If you're any kind of art lover at all, now's the time for a New York trip. The city is hosting a touring mega-exhibition that pairs one of the greatest French artists and one of the top talents from Spain. I'm not talking about "Matisse Picasso," at the Museum of Modern Art, despite the massive hype around that show. Fit that one in on some spare afternoon. The crucial exhibition of the season is "Manet/Velazquez," launched this month at the Metropolitan Museum of Art.

The show, which presents more than 200 works of art, gives a rare chance to study some superb pictures by Diego Velazquez and his 17th-century compatriots Francisco Zurbaran, Bartolome Esteban Murillo and Jusepe Ribera, as well as works by El Greco from the late 16th century and Francisco Goya from the turn of the 19th. These are all brilliant painters not much seen outside of Spain. The exhibition also gives a chance to come to grips with a broad spread of Spanish-inspired pictures by Edouard Manet, one of the most intriguing, hard-to-pin-down figures in the history of Western art, as well as by some of his contemporaries on the Paris scene and in the United States.

It's not quite news that Manet and other 19th-century Frenchmen had a weakness for all things Spanish. But precisely how and when and why those links were forged has never been spelled out in anything like the detail we get here. With a thoroughness that sometimes verges on pedantry, the curators guide us through the early ignorance of Spanish art in France, to the growing taste for Iberian culture after Napoleon's Spanish wars, to the consolidation of Hispanic styles and motifs in French painting of the later 19th century.

Strangely, however, the more we learn about the crucial Spanish influence on Manet's scene, the less convinced we are that it can account for his very special excellence: A whole raft of artists looked to Spain for fresh ideas, but somehow only Manet came away with a lot more than castanets.

The first 50 or so years of French Hispanophilia didn't come to very much.

We see exotic Spanish subject matter creeping into French culture and art.

And there's a dose of Spanish style, too: French romantics loved the moody lighting of Spanish painting -- its so-called "tenebrism" -- and its spooky religious fervor. They were also able to transfer some of its streetwise realism into their art, as an antidote to the slick idealism of neoclassicists like David and Ingres. Ragged beggars and wrinkled seniors, most often posed as sentimental holy men and sinners, start to get big play in the Spanish-flavored art of France.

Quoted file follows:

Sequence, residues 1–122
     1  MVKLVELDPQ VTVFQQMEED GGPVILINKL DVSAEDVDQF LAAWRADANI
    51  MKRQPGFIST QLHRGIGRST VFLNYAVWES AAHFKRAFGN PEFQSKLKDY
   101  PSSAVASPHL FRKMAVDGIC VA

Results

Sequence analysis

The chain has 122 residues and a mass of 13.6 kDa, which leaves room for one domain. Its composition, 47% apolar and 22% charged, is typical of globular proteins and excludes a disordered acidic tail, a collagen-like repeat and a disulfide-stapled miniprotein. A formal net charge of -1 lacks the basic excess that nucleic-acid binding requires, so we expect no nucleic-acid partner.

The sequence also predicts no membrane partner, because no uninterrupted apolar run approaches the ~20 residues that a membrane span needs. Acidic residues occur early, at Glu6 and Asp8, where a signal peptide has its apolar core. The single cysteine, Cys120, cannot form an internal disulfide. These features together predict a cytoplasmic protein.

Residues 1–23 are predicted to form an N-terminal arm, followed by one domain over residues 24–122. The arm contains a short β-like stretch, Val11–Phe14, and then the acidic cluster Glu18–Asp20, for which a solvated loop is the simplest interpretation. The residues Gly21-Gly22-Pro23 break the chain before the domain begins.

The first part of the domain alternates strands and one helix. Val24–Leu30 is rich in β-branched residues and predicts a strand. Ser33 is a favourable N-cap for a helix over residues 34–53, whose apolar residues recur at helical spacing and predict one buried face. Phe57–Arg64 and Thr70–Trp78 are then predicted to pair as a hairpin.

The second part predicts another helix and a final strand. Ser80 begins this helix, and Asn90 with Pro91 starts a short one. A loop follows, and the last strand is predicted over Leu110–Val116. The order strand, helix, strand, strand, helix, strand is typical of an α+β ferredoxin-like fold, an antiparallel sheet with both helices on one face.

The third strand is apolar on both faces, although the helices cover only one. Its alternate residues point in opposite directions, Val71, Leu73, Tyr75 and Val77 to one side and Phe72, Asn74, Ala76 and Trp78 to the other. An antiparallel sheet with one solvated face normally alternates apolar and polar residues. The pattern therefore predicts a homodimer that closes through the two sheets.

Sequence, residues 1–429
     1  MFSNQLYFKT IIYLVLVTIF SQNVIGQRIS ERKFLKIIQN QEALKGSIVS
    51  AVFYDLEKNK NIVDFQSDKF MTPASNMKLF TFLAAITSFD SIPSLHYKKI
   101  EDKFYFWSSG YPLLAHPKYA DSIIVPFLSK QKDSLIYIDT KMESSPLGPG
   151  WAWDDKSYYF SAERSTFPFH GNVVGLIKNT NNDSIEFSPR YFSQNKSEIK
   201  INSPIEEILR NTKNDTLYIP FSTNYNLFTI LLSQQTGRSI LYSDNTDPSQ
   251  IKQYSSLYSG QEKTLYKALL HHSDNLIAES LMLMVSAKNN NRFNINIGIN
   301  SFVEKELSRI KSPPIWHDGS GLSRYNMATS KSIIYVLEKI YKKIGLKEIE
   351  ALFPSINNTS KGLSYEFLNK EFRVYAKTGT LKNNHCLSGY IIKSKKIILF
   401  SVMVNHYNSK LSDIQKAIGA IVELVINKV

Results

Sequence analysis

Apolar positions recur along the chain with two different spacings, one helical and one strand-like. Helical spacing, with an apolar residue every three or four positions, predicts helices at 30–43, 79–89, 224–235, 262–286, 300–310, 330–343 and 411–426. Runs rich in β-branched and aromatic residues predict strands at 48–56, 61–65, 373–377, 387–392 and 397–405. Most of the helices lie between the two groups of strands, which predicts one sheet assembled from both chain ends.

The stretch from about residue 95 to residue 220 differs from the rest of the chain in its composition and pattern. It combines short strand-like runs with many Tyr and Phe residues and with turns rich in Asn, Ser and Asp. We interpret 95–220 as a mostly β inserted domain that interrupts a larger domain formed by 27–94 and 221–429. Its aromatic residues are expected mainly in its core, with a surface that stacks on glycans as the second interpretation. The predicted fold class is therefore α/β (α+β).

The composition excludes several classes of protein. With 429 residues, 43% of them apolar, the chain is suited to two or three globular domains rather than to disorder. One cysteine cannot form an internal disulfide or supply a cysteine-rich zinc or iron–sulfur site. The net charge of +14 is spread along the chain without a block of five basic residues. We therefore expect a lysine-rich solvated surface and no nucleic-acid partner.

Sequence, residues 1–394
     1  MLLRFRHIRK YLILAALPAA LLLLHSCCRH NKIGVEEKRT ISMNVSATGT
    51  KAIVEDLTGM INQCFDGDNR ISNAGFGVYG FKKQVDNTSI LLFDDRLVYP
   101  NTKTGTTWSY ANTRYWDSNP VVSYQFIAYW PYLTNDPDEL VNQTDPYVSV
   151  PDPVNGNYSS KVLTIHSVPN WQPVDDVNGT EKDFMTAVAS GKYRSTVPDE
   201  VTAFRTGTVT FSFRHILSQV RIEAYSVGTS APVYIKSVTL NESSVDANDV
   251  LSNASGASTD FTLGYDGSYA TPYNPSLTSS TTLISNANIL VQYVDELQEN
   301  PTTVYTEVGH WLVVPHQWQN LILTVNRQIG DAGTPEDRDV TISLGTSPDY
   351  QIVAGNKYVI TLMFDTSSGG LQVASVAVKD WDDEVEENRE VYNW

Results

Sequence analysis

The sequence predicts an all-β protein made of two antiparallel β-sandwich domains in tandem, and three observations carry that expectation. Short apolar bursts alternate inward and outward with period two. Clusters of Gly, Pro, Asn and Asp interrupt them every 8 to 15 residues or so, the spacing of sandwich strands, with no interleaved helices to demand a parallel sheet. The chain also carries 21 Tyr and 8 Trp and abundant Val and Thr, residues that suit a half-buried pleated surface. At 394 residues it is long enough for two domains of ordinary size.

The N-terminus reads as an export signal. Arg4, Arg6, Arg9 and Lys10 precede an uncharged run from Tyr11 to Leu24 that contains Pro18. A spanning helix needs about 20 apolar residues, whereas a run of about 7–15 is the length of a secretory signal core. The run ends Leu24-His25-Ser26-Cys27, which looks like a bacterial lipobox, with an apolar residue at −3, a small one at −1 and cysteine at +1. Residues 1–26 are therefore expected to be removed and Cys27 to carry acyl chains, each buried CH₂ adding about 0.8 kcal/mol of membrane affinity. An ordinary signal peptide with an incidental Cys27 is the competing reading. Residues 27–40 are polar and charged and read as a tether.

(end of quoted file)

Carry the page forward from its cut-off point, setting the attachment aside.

It so happens that those were the aspects of Spanish art that were mostly on show in Paris, because the pictures to be seen were mostly by artists of the Spanish high baroque such as Murillo, Zurbaran and Ribera, who made a specialty of intense emotion conveyed through the everyday.

The crucial master that didn't figure into this first Spanish-French equation was Velazquez himself. French artists simply didn't have too much by him to look at, and didn't learn much even from what there was to see. It took Manet to change all that, beginning in about 1860 -- 200 years after the Spanish master's death.

Already as a young man, Manet recognized that there was something special to be found even in the few Velazquez paintings he could have come across. (He might also have known the Spanish master's oils through the kind of Velazquez-flavored canvases by Goya now at the Met. A spectacular Goya still life of fish, on loan to this show from Houston, was eventually bought by one of Manet's friends.) Velazquez didn't follow his peers in using the everyday to raise a picture's dramatic pitch -- to make us feel the pathos of religious imagery, for instance, even more intensely. Instead, he liked to present the quotidian for its own sake, in its own light. His astounding portraits of the dwarfs and fools of the Spanish court give these figures an immediacy, a humane presence, that counteracts the freakishness that won them their jobs.

"The Dwarf Don Diego de Acedo" presents the small man sitting with a massive open book, staring into space with as much wisdom and nobility as any big-time thinker or potentate. In fact, he comes off as more noble-minded, more morally substantial, than the Spanish royal prince Don Carlos whose Velazquez portrait hangs beside him at the Met. But then, what princes got from Velazquez's brush wasn't ostentatious grandeur, but the dose of humanity that would bring them closer to the less imposing figures they ruled over.